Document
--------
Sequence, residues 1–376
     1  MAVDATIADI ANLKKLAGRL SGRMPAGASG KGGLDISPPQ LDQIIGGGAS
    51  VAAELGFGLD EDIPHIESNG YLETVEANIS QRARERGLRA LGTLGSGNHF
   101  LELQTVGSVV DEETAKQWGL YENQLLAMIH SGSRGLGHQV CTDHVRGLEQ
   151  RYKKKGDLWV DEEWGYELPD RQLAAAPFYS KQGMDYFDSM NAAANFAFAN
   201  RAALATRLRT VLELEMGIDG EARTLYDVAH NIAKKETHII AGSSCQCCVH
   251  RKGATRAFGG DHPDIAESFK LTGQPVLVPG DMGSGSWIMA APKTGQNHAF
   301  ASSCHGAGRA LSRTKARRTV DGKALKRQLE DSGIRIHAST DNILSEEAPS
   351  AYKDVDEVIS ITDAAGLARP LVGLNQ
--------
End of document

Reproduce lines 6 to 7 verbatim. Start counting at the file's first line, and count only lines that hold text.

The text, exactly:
   201  RAALATRLRT VLELEMGIDG EARTLYDVAH NIAKKETHII AGSSCQCCVH
   251  RKGATRAFGG DHPDIAESFK LTGQPVLVPG DMGSGSWIMA APKTGQNHAF